Jeremy Hobson: OK so what about this debt ceiling fight? Now that the Republican plan that passed the House today has been voted down by the Senate, the focus turns to a Democratic plan that was unveiled this week by Senate Majority Leader Harry Reid. The two plans are different, but both would raise the ceiling in exchange for deep spending cuts.
And as Marketplace's David Gura reports, we already know what some of those cuts are.
David Gura: Both plans call for tens of billions in cuts, so lots of departments are going to get less money. Gary Burtless is a fellow at the Brookings Institution.
Gary Burtless: Obviously, anything that was funded as part of the stimulus program has a very bleak future.
That means turning down the spigot at the Energy Department and the National Institutes of Health. Goodbye to all those infrastructure projects. There's bipartisan agreement to cut federal financial aid for students. Beyond that, specifics are hard to come by.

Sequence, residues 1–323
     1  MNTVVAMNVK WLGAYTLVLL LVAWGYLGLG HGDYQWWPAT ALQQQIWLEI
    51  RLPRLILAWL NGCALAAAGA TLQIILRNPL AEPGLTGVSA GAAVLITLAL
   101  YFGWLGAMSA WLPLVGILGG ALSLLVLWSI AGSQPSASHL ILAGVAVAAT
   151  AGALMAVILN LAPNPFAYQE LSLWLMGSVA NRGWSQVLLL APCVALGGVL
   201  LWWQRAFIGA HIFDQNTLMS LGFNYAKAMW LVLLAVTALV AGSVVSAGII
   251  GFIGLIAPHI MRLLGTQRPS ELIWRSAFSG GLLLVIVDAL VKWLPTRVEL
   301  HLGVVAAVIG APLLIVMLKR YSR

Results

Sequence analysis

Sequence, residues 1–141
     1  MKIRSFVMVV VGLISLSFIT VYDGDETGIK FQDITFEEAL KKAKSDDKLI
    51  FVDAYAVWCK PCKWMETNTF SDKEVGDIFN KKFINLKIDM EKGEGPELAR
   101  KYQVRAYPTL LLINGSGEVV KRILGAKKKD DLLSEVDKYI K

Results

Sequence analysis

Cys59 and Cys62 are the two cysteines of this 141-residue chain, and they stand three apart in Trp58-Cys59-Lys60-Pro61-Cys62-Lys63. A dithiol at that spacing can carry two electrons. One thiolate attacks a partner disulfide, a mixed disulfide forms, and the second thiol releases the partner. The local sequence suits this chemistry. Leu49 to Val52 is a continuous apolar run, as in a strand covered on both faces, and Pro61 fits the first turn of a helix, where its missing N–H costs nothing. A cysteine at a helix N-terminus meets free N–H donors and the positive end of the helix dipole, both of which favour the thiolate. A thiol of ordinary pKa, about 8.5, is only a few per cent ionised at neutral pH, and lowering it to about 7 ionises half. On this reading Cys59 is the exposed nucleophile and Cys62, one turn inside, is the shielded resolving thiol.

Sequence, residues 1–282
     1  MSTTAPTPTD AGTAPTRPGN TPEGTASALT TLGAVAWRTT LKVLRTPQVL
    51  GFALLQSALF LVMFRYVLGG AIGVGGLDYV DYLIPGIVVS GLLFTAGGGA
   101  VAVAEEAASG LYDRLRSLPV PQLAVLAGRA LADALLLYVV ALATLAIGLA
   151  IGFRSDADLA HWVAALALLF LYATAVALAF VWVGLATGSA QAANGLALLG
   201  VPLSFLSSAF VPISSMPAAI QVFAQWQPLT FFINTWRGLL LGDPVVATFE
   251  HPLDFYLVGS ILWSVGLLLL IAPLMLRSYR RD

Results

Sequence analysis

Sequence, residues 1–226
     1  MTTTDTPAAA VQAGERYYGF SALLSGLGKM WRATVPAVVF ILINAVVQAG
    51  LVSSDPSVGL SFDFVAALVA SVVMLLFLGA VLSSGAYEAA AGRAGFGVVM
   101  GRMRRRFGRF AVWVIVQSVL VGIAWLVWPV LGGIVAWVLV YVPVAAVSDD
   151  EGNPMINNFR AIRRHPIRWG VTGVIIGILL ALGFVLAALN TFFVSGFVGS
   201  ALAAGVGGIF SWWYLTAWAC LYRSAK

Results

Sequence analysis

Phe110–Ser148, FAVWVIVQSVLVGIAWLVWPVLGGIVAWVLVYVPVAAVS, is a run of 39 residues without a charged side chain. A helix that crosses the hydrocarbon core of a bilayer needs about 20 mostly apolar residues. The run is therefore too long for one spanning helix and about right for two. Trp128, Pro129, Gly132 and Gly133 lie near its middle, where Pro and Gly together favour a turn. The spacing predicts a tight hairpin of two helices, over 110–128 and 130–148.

Alex Brill: How exactly those spending cuts are implemented, where the dollars are found, is something that is absolutely yet to be determined.
That's Alex Brill; he used to be the House Ways and Means Committee's chief economist. What's on the table is domestic discretionary spending: education, housing, transportation.
Paul Weinstein directs the public management program at Johns Hopkins. He says many agencies are in familiar territory; they're under the knife year after fiscal year.
Paul Weinstein: Commerce always feels that way. Energy often feels that way, because a lot of people don't always understand what those programs do or what they're about.
Weinstein says the U.S. could cut back on contractors. It could keep government salaries frozen. But it'll be up to Congress to decide. And as always, Alex Brill says:
Brill: One man's waste is another man's critical program.
The cuts will start out small, spelling trouble for some agencies. But over time, they're expected to grow and that could mean the end for some programs.
I'm David Gura for Marketplace.